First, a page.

Diagnosed with Stage 4 breast cancer, domestic helper Nida Ampaguey is coming home Tuesday to an uncertain future after her employer in Hong Kong terminated her employment.
And the only assistance she has obtained so far from the Overseas Workers Welfare Administration (Owwa) is an ambulance ride from the airport in Manila to her home in Baguio City.
Activist priest Fr. Robert Reyes, who is helping Ampaguey, said Congress should allow Owwa to provide health coverage and financial assistance to overseas Filipino workers (OFWs) who suffer from chronic diseases, like cancer.
At Stage 4, the cancer has already spread beyond the breast and already affects other organs, such as the lungs, liver or brain.
Under present Owwa rules, the agency is allowed to help only OFWs who lose their limbs or the relatives of those who die while working abroad, Reyes said.
"If you have a limb amputated, you get P50,000 (S$1,504). If you die, your family gets P200,000. But what about those who get diagnosed with chronic diseases, like cancer?" Reyes said in an interview.
"We should have legislation for this because this is becoming critical for our OFWs. We are getting reports of OFWs having this problem not just from Hong Kong but also from other countries around the world," he added.
PhilHealth in charge
In a text message from Jakarta, Owwa Administrator Carmelita Dimzon confirmed that the agency would be providing an ambulance for Ampaguey but that its assistance could not go further because OFWs with chronic diseases were not covered by Owwa.
"It is PhilHealth that is in charge of the health concerns of OFWs," Dimzon said.
Reyes said he was working with Senator Pia Cayetano and cancer support groups in the country to come up with legislation to provide a program or assistance to OFWs with chronic diseases like cancer.
Help to the very end
Reyes, who started in 2007 the support group Buhay Ka for cancer victims and survivors among the thousands of Filipino domestic helpers in Hong Kong, said "more than 10 Filipino domestic helpers have come home to die" from the former British colony in recent years.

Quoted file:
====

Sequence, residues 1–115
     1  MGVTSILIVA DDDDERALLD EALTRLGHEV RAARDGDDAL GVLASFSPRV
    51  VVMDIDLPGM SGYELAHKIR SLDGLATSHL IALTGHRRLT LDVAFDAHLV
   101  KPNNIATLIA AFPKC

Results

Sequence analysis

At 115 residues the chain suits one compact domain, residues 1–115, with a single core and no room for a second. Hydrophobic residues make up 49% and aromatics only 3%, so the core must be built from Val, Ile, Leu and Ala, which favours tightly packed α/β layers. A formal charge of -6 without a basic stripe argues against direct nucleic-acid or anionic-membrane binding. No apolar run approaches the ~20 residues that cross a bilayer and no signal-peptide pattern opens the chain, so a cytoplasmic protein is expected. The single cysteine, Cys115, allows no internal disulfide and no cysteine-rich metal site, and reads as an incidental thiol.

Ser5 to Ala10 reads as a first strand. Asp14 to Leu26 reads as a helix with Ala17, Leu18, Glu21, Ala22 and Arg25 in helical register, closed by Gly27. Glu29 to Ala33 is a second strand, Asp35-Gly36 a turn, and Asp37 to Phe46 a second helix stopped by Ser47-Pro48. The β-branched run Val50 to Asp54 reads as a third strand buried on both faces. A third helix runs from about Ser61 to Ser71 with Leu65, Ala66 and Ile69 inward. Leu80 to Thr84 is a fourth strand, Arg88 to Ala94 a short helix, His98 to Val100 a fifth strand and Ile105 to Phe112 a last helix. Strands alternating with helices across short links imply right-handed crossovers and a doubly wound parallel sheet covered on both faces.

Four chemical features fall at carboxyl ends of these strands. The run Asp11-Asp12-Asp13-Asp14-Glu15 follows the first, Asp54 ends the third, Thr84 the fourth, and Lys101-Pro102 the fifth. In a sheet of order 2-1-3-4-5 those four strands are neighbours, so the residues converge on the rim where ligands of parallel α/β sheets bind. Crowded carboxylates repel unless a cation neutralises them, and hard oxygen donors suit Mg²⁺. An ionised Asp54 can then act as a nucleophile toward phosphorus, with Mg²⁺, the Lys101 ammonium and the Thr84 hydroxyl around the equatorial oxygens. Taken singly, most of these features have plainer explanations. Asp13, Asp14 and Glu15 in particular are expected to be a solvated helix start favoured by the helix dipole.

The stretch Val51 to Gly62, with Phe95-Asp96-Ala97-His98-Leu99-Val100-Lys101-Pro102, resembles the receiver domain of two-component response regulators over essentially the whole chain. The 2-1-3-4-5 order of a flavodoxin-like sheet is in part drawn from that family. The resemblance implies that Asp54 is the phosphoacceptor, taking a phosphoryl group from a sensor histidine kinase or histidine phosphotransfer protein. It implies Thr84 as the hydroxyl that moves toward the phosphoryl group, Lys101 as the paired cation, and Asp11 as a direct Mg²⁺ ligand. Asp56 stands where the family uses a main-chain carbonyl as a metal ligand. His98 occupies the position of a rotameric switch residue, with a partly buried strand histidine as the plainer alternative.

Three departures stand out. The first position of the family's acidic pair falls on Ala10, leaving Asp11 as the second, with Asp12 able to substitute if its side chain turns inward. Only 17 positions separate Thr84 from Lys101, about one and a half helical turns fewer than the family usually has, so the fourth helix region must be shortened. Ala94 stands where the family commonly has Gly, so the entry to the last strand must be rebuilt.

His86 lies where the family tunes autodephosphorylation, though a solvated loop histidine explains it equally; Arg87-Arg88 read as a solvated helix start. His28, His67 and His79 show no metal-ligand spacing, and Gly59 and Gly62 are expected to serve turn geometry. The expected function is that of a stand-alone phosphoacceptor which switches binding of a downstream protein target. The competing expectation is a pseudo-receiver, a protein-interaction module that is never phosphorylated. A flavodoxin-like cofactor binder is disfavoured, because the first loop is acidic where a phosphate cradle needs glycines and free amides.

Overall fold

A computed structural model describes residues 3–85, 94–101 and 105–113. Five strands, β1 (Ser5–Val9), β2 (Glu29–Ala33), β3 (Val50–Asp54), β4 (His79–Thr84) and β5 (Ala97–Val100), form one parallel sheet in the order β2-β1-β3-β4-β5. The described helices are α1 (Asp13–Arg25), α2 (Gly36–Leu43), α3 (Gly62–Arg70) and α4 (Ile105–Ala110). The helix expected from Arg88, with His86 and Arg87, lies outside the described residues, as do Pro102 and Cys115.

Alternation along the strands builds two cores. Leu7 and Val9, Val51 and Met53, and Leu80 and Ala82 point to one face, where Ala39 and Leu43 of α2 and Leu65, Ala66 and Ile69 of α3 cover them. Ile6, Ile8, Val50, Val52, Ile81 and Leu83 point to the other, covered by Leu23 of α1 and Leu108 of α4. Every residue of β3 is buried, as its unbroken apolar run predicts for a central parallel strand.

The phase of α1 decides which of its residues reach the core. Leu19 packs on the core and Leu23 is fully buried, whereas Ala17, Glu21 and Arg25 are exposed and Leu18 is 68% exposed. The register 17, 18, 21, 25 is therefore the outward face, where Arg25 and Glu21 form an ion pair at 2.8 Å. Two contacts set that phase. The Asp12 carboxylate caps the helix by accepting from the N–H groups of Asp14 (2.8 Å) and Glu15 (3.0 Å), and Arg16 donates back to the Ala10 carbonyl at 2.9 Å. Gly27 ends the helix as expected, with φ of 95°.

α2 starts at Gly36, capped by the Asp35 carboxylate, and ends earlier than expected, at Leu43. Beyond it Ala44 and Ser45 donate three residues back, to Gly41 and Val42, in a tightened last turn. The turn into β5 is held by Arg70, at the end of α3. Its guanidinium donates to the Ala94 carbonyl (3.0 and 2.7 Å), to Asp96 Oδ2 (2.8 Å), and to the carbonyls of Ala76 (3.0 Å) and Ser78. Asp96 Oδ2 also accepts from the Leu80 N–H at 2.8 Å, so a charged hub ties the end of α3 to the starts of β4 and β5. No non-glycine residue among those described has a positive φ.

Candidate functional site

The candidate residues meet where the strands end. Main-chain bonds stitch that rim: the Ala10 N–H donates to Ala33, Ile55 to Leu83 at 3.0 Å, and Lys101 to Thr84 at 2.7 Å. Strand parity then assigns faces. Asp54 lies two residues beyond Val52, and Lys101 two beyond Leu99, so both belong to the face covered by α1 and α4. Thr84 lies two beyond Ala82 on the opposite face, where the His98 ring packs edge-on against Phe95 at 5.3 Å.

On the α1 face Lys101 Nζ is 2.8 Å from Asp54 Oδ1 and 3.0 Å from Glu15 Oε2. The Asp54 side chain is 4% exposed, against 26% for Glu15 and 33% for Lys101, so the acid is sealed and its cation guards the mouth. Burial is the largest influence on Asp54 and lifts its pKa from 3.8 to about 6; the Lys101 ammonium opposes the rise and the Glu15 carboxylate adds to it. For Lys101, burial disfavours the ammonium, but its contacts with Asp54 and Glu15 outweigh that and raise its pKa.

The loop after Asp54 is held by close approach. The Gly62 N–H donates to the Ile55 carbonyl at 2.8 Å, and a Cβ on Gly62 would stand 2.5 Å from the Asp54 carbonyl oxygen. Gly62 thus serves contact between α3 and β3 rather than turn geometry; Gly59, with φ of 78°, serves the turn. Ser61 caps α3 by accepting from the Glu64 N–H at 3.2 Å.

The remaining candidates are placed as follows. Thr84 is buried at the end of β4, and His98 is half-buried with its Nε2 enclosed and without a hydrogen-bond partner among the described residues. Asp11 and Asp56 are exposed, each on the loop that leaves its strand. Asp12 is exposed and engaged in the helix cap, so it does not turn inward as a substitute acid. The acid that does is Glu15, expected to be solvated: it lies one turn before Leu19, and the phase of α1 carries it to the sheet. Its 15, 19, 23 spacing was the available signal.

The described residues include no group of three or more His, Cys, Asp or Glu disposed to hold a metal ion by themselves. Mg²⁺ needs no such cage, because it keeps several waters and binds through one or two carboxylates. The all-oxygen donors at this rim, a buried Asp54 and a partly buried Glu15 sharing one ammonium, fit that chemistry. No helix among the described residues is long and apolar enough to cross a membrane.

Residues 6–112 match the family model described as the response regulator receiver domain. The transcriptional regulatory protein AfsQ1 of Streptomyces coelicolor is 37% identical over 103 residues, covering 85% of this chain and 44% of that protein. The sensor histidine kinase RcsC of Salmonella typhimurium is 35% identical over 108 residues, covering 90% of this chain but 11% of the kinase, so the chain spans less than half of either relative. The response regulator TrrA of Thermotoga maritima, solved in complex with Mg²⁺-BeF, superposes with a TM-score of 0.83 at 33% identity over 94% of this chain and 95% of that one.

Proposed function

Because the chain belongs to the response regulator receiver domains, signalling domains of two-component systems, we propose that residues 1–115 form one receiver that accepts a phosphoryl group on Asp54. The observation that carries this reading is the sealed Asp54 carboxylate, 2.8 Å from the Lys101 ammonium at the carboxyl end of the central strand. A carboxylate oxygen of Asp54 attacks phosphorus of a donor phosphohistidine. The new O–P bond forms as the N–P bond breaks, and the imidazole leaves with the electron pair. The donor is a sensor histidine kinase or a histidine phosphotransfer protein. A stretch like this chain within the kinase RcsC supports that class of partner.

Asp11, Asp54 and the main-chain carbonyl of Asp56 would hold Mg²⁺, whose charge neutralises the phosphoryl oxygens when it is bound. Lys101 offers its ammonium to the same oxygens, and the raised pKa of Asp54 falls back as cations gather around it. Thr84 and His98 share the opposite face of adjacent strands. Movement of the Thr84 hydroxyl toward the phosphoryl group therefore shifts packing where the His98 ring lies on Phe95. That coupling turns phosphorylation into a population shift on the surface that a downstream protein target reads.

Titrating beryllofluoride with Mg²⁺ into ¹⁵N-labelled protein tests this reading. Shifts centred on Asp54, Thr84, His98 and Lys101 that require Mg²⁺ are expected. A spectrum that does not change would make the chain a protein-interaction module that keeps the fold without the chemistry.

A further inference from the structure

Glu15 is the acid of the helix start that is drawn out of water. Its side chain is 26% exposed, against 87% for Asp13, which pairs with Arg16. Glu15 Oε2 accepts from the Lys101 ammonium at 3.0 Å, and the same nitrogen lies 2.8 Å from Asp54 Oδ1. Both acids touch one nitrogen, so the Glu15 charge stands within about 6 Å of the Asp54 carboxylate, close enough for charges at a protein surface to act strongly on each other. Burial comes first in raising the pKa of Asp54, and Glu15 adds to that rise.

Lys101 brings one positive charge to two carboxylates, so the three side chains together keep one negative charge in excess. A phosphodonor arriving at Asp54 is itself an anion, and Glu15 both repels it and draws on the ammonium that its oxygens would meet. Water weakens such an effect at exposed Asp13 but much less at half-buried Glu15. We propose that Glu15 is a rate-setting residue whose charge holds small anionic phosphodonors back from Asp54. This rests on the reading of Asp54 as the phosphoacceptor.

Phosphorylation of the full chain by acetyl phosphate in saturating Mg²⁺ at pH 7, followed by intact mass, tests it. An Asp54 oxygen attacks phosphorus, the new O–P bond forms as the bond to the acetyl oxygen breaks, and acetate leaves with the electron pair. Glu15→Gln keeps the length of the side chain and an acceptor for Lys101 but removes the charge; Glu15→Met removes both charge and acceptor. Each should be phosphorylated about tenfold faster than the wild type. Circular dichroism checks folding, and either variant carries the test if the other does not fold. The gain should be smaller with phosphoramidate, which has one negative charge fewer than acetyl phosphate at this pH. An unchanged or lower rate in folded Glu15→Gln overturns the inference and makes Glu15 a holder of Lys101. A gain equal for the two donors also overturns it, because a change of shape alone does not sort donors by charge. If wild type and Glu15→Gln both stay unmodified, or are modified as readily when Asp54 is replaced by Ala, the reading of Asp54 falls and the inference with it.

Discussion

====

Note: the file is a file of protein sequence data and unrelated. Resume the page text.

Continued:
"They're lucky if their employer supports them-we've had cases of Hong Kong employers helping until the very end-but others terminate their domestic helpers even if it's still Stage 1 or Stage 2 cancer, which is still curable," Reyes said.
Treatment is finished
Filipino domestic helpers in Hong Kong who are stricken with cancer try to hold on to their jobs especially since the city has a socialized healthcare system, and medical treatment, like chemotherapy, is relatively cheaper there compared to that in Manila.
"Ampaguey fought so hard to stay in Hong Kong for her cancer treatment but her employer terminated her. She is now very weak," Reyes said.
"She was able to stay longer in Hong Kong because our consulate asked the authorities there to allow her to continue with her treatment. But now that that's finished, she's coming home to an uncertain future," he said.
Reyes said the government should also require Filipino women who intend to work abroad to get a mammogram before they are deployed abroad.
"This should be done because breast cancer is becoming a big problem among our domestic helpers. But more importantly, our government should have a program for those who are diagnosed with cancer," he said.